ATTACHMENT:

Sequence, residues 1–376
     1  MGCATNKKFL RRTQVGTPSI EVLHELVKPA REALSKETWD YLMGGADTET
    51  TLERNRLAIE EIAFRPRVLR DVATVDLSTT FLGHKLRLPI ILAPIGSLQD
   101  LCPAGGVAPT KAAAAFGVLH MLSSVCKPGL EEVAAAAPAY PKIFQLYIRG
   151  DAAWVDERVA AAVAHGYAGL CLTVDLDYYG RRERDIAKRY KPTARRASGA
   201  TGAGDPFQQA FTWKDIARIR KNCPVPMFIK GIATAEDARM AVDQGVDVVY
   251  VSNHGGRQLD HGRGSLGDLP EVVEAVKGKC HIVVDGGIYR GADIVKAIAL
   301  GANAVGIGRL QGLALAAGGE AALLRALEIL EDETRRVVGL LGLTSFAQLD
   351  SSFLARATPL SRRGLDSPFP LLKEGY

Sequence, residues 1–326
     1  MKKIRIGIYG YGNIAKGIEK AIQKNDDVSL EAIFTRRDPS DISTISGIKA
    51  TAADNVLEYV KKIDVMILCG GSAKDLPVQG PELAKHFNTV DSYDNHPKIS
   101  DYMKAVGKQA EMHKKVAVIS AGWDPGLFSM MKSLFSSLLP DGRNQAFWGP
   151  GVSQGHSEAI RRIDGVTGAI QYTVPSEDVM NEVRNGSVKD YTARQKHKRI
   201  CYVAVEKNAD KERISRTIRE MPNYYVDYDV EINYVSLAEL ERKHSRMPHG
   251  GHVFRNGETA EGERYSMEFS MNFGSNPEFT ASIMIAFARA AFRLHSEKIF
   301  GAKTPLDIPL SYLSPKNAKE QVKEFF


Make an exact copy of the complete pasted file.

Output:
Sequence, residues 1–376
     1  MGCATNKKFL RRTQVGTPSI EVLHELVKPA REALSKETWD YLMGGADTET
    51  TLERNRLAIE EIAFRPRVLR DVATVDLSTT FLGHKLRLPI ILAPIGSLQD
   101  LCPAGGVAPT KAAAAFGVLH MLSSVCKPGL EEVAAAAPAY PKIFQLYIRG
   151  DAAWVDERVA AAVAHGYAGL CLTVDLDYYG RRERDIAKRY KPTARRASGA
   201  TGAGDPFQQA FTWKDIARIR KNCPVPMFIK GIATAEDARM AVDQGVDVVY
   251  VSNHGGRQLD HGRGSLGDLP EVVEAVKGKC HIVVDGGIYR GADIVKAIAL
   301  GANAVGIGRL QGLALAAGGE AALLRALEIL EDETRRVVGL LGLTSFAQLD
   351  SSFLARATPL SRRGLDSPFP LLKEGY

Sequence, residues 1–326
     1  MKKIRIGIYG YGNIAKGIEK AIQKNDDVSL EAIFTRRDPS DISTISGIKA
    51  TAADNVLEYV KKIDVMILCG GSAKDLPVQG PELAKHFNTV DSYDNHPKIS
   101  DYMKAVGKQA EMHKKVAVIS AGWDPGLFSM MKSLFSSLLP DGRNQAFWGP
   151  GVSQGHSEAI RRIDGVTGAI QYTVPSEDVM NEVRNGSVKD YTARQKHKRI
   201  CYVAVEKNAD KERISRTIRE MPNYYVDYDV EINYVSLAEL ERKHSRMPHG
   251  GHVFRNGETA EGERYSMEFS MNFGSNPEFT ASIMIAFARA AFRLHSEKIF
   301  GAKTPLDIPL SYLSPKNAKE QVKEFF